<p>Ford Motor Company (NYSE: F) shares are currently trading at a ten-year low. It is tempting to blame the decline on the latest broad weakness in the market. After all, F-shares have lost more than a third of their value since February.
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To be sure, the coronavirus-controlled marketing routine is a factor. Vehicle stocks fall across the board.
At the time of writing, Tesla (NASDAQ: TSLA) has fallen more than 30% since mid-February. General Motors (NYSE: GM) shares have fallen off the table and have fallen more than 20% in less than a month, hitting a seven-year low. Toyota (NYSE: TM), Honda (NYSE: HMC) and Fiat Chrysler (NYSE: FCAU) are also fighting.
But it is not as if the F share erupted before this sale. The shares reached a nine-year level at the end of 2018. They threatened these levels after the fourth quarter results last month. Ford shares have gone in the wrong direction since 2014.
There were core issues behind the long downturn that have only been exacerbated by recent developments. I have generally been bullish on F-stocks below $ 10, as I thought it might address some of these issues. I still think the stock is probably a buy because it is now trading below $ 6.
But Ford stocks will not surpass their peers, or even necessarily rally, until Ford itself gives investors an important reason to go into the downturn. The last five years show that a cheap valuation and a high dividend yield are not enough.
The cyclical problem
It is tempting to argue that the Ford stock is not much different at $ 6 in mid-March than it was at $ 8.31 after the Q4 result in early February. That is not necessarily the case.
After all, car manufacturers are among the most cyclical companies on earth. And even if the coronavirus scare fades, the economic effect will linger. Morgan Stanley analyst Adam Jonas now estimates that U.S. car sales across the industry will decline by 9% by 2020. It comes amid long-standing fears of “peak auto” when cars last longer and services like Uber (NYSE: UBER) lower urban. demand.
At least the recession risk increases. In that context, the declines in Ford shares and other carmakers make sense – even if the coronavirus scare is a short-term blip.
Can F-bearings surpass?
In the short term, F shares also have a long-term problem. It is simply not enough with a bull fall here other than the stock is cheap and the dividend, which now gives almost 10%, is high.
That bullfight has not worked in this market and still has not. Energy and retail inventories were cheap in December and have still been among the worst in this sale. And it has not worked for Ford shares either.
Here, too, the cyclical nature of the company is a factor. Cyclics in theory should be cheap at the end of an economic cycle. There is a reasonable debate about whether the share should be quite cheap: F-share trades less than six times the midpoint of 2020 adjusted earnings per share. But it is not as if the F share will be traded 20 times or even 12 times EPS at this point in the macro cycle.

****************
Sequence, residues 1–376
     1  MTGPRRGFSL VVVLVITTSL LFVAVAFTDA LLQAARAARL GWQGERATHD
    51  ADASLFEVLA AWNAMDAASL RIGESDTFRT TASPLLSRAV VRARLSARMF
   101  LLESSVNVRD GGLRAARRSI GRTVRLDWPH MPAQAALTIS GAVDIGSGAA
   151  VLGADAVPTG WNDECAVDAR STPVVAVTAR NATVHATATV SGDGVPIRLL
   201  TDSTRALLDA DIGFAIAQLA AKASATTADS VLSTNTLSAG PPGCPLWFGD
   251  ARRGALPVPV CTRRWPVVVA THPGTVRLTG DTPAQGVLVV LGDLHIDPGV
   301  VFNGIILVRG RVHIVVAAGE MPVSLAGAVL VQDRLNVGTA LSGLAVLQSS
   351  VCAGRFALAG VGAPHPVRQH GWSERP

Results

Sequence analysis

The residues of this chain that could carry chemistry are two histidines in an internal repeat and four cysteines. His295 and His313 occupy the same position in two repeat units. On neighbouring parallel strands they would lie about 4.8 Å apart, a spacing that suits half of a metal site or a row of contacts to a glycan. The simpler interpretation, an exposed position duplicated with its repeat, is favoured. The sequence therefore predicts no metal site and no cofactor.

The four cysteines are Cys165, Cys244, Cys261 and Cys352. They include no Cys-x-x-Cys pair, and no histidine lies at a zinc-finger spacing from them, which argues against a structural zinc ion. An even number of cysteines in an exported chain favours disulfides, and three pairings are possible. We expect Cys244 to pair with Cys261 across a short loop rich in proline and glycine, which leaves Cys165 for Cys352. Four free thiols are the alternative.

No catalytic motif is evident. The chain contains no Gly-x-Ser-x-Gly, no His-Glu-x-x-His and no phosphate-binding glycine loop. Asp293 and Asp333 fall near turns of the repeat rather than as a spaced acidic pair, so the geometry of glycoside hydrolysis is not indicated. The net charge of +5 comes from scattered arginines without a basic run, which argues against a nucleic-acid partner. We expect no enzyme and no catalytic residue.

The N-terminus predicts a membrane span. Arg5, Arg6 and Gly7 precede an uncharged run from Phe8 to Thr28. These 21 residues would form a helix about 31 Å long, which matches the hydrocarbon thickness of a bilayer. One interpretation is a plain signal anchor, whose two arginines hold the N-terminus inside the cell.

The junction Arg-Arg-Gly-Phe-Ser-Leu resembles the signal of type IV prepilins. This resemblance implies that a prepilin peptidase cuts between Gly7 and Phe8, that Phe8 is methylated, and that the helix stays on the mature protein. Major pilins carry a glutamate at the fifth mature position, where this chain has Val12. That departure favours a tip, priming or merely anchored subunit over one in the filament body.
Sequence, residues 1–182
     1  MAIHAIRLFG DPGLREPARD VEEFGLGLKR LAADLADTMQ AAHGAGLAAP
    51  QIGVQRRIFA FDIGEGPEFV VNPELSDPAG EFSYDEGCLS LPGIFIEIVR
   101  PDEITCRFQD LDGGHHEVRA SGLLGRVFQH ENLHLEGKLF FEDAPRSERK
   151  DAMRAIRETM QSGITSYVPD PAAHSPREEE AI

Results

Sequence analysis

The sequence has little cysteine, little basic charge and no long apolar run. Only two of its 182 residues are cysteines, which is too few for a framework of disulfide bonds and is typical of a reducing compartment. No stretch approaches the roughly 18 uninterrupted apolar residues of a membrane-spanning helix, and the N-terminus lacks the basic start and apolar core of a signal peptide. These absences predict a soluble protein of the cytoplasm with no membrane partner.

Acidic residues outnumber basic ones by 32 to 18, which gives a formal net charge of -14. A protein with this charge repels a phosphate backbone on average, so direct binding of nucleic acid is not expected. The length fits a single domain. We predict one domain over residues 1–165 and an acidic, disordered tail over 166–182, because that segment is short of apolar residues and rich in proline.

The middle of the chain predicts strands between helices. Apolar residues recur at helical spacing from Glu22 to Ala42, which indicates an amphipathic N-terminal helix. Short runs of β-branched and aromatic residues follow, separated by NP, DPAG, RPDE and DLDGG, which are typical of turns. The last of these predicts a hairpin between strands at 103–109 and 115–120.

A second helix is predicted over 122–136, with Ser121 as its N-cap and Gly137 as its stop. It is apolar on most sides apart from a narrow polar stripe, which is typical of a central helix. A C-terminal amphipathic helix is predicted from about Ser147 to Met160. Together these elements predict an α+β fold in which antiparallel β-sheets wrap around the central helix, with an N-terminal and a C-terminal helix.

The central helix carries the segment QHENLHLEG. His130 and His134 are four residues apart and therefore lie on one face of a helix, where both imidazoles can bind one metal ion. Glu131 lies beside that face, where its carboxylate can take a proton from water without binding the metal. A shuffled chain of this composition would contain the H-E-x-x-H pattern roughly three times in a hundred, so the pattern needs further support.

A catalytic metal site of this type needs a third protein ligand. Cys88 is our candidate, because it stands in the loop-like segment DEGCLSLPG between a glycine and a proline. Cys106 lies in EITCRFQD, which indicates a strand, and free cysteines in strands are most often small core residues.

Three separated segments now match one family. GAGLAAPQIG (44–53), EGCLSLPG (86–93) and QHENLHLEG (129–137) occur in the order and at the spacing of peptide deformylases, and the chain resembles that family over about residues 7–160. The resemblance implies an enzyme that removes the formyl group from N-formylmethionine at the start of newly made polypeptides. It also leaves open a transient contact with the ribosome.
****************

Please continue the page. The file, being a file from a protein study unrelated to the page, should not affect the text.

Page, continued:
To be sure, “too cheap” can be a reasonable bull drop right now. If the fear of coronavirus and a subsequent recession fades, the F stock is likely to receive a bid. But so do the market and the sector.
Again, other car manufacturers have also fallen. GM shares are even cheaper until 2020 and are traded at 4.3 times the current consensus EPS estimate.
So an investor can not just argue that this sale is excessive, and therefore Ford shares are a purchase. She must believe that Ford shares are a better buy than GM or TSLA or other automatic names. Right now it’s a tough case to make.
A need to differentiate
The problem on that front is that Ford has simply not differentiated. It has made some progress towards autonomous vehicles but there is little evidence that it is a leader. It brings hybrid and electric vehicles to market, but GM just last week unveiled a new battery and EV platform with about $ 20 billion in expenses.
There is a shorthand case for almost all other car stocks. Tesla is a leader in electric vehicles and a company that bulls believe has decades of growth ahead. GM has a share price that is cheap now, which means that its potential success in EV is not priced.
Honda and Toyota have succeeded for decades through all possible environments. Foreign manufacturers such as Volkswagen (OTCMKTS: VWAGY) and BMW (OTCMKTS: BMWYY) also operate at least close to the forefront of electric vehicle development.
Where’s Ford? It is now almost exclusively dependent on gas-powered trucks and SUVs after removing sedans from its range. It operates in the back of electric and autonomous vehicles. The balance sheet is OK but pension liabilities are a problem.
Put another way, F-stock is cheap but seems to have little else to do. It has not been enough for about six years now. That will probably not be enough in the future.
Ford needs to give investors a reason to get excited. Until it does, F stocks can catch a bounce here or there. But it will probably not surpass the market and it will certainly not surpass its industry.
Vince Martin has been covering the financial industry for nearly a decade for InvestorPlace.com and other stores. He has no positions in any of the mentioned securities.